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Congress improves practices to protect whistleblowers

For a year now, the United States Government Accountability Office (GAO) has reviewed the ways that Congress communicated with federal whistleblowers and handled their information. And at the beginning of May, the GAO finally released the updates they plan to make so that they can better protect whistleblowers.

Aiming to reduce whistleblower's anxieties

Every whistleblower gives tips or files reports at great personal risk. They often face backlash from their employers—which is illegal, but sadly frequent. And the possibility of retaliation or defamation can cause high anxiety that dissuades whistleblowers from coming forward.

That is often what employers count on.

And even though there are laws and procedures in place meant to protect whistleblowers, there is, unfortunately, plenty of room for human error. The GAO made these new updates to combat that variable.

The new measures Congressional workers must take

The GAO review identified weak points in the processes Congressional workers use when they work with whistleblowers. And from their report, they assembled tips for Congress to follow, including:

  • Creating a secure system that tracks the progress of whistleblower cases and stores whistleblower information
  • Enforcing efforts to be transparent when discussing the case or options with the whistleblower
  • Asking for and receiving explicit permission from whistleblowers before sharing any information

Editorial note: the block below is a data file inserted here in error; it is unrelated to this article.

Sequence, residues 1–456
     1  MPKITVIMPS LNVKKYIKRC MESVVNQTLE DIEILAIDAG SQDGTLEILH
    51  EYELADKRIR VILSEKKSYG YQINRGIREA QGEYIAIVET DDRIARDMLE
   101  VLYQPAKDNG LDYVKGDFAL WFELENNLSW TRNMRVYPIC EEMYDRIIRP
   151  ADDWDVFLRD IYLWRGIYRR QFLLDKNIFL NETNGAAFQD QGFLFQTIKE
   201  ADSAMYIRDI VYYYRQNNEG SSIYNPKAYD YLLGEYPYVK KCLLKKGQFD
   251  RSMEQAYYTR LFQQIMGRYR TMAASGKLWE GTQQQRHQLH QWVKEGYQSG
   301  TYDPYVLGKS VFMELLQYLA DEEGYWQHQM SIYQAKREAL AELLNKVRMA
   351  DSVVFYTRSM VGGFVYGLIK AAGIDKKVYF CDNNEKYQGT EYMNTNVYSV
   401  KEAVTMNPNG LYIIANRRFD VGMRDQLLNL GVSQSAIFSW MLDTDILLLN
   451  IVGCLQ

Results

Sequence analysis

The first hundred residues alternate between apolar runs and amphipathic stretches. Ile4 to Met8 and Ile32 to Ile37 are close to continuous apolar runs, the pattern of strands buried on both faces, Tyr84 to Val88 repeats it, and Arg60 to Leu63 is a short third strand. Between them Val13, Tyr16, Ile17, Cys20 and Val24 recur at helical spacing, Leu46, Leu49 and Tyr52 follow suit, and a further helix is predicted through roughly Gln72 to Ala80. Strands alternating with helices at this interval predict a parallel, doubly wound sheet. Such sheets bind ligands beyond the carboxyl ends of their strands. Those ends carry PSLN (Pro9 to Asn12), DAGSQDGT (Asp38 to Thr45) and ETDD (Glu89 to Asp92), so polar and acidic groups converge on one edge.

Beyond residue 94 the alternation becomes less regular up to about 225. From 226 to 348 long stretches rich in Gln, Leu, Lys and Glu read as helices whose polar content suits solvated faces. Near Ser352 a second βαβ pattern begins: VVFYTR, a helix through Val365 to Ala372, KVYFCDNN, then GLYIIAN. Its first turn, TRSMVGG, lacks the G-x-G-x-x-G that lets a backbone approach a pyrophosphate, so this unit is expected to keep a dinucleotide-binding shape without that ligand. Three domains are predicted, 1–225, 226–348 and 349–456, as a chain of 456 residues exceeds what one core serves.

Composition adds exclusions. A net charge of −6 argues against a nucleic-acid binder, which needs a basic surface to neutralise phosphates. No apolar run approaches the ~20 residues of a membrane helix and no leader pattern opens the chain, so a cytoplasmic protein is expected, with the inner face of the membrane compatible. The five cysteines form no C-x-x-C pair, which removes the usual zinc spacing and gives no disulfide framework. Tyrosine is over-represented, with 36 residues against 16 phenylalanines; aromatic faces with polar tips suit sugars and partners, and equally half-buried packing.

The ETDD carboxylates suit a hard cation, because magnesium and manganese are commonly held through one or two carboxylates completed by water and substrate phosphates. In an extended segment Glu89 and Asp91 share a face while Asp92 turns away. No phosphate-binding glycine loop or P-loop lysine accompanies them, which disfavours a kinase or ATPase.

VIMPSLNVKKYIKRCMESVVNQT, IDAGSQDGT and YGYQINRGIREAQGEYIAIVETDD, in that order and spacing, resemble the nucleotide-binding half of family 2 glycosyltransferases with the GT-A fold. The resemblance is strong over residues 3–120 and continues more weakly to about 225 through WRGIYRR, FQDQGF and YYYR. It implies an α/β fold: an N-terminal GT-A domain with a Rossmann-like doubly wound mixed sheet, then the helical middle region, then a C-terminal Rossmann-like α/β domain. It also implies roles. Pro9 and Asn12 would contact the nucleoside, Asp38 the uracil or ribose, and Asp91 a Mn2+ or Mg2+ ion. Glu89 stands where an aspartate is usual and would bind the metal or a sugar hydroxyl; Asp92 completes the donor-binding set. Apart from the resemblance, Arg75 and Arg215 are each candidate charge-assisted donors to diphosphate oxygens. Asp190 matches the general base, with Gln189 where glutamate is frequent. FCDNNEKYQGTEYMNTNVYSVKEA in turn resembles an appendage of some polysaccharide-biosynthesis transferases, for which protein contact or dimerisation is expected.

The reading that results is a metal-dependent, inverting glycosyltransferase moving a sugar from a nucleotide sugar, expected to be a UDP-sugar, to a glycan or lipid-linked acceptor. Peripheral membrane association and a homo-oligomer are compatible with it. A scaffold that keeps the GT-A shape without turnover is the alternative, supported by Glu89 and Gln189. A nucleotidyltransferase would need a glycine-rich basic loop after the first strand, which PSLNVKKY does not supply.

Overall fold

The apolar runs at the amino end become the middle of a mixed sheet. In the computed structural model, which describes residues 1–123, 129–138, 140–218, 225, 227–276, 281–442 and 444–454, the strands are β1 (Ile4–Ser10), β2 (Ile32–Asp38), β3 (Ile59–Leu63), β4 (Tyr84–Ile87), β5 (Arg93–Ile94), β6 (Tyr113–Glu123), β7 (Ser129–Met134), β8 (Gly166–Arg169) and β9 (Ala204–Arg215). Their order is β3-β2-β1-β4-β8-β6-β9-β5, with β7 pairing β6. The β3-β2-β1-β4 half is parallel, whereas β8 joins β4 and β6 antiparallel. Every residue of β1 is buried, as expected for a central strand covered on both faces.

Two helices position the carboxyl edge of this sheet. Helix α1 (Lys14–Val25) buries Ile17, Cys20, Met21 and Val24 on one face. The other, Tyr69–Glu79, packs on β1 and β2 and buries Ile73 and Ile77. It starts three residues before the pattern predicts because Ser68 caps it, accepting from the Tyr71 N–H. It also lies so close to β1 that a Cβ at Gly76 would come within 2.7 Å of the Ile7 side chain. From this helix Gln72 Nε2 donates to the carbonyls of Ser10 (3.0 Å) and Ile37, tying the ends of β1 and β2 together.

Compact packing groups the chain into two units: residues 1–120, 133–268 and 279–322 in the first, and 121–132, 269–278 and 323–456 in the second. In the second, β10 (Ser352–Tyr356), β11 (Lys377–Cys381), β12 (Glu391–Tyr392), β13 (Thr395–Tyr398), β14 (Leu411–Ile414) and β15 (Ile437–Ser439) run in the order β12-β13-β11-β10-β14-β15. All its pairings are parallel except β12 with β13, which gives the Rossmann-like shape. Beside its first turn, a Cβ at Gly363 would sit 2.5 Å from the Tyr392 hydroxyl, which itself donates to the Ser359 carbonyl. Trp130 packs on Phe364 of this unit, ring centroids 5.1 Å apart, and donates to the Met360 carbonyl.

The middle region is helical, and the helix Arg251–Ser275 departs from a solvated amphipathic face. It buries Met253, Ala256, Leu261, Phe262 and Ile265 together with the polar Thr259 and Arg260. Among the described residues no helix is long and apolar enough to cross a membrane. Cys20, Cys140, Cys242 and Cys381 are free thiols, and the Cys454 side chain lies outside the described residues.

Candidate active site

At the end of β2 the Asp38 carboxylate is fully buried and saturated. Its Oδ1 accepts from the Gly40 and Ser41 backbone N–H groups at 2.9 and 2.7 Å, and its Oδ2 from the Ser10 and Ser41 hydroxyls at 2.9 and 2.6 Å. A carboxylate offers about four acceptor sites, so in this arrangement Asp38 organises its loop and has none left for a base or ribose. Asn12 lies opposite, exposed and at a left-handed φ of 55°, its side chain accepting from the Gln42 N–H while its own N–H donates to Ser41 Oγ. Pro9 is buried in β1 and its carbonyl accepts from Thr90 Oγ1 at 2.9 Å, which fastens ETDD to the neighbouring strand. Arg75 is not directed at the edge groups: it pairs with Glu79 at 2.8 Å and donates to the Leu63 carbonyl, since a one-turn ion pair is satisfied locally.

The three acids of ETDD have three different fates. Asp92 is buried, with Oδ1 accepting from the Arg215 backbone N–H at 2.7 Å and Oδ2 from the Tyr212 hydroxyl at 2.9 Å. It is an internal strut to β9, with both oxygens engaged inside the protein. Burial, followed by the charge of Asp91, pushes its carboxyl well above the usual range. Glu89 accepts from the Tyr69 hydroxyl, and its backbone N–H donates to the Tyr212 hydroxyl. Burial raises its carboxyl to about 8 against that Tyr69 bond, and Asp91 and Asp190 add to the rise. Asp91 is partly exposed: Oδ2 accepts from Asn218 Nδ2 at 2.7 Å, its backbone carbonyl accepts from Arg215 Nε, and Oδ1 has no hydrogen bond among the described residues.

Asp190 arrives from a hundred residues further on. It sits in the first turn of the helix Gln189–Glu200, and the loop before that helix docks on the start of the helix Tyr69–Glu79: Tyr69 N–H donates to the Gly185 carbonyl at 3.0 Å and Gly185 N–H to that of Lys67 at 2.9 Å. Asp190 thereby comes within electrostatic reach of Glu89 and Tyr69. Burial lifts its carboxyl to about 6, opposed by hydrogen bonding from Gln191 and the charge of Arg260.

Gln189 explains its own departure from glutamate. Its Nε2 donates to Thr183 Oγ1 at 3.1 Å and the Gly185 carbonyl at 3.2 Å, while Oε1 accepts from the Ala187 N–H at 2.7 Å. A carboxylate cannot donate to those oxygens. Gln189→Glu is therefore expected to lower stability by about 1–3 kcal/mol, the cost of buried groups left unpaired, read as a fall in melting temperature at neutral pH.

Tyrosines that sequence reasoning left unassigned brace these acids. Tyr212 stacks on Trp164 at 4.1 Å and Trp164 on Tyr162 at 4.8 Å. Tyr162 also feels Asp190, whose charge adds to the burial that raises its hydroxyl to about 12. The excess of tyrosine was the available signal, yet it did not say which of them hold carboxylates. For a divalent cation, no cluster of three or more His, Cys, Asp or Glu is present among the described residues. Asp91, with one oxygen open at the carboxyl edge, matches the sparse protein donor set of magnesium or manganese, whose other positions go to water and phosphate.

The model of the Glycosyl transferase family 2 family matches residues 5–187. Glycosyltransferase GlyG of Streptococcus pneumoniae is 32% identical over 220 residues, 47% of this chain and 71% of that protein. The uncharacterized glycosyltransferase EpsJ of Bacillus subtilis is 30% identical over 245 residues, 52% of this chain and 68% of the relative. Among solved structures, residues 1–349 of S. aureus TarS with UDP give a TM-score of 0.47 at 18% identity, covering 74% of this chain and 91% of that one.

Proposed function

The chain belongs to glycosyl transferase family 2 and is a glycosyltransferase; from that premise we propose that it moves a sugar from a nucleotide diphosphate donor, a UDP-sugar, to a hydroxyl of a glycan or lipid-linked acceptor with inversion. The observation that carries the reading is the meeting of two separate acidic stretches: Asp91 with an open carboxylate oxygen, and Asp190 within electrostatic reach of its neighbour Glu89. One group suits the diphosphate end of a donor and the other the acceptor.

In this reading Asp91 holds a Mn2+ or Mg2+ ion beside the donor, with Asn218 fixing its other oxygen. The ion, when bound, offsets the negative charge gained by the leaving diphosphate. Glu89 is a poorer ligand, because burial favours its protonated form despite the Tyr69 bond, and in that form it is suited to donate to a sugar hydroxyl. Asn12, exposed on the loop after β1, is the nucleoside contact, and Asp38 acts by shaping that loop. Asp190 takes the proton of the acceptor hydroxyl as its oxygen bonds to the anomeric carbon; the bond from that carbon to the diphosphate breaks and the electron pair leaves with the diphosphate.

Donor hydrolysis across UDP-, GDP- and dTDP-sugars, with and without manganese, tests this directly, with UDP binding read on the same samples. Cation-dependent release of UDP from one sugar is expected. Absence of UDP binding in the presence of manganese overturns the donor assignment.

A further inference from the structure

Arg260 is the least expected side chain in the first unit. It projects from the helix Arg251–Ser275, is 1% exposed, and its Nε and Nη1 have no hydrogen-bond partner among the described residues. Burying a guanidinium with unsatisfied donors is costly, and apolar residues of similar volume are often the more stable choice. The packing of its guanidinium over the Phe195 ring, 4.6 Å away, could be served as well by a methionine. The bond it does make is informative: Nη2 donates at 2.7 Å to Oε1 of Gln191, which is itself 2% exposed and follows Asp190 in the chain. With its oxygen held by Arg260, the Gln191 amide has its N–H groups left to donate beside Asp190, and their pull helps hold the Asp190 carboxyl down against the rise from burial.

• Continuing to check in with the whistleblower as the situation develops

Every tip for Congress is meant to make this process easier for whistleblowers, as well as increase their security during and after the investigation. And while these updates apply to federal whistleblowers now, it is most likely only a matter of time until these new methods extend to all whistleblowers.

What influenced these updates?

Almost anything can be improved. And laws are no different. Improving whistleblower protection is reason enough to add these updates. 

However, it is possible that the GAO took action to increase federal whistleblower protections because of the apparent increase in government whistleblowers.

For example, a whistleblower recently reported about abuse witnessed in the Immigration and Customs Enforcement's (ICE) methods. And just last month a whistleblower went public with their concerns about White House security.

The increase in government whistleblowing could have influenced the GAO's new policies. The GAO states that whistleblowers are an integral part of safeguarding the nation and the government against abuse of power and fraud. And establishing these new steps shows that they stand by this belief to protect the whistleblowers that protect us.

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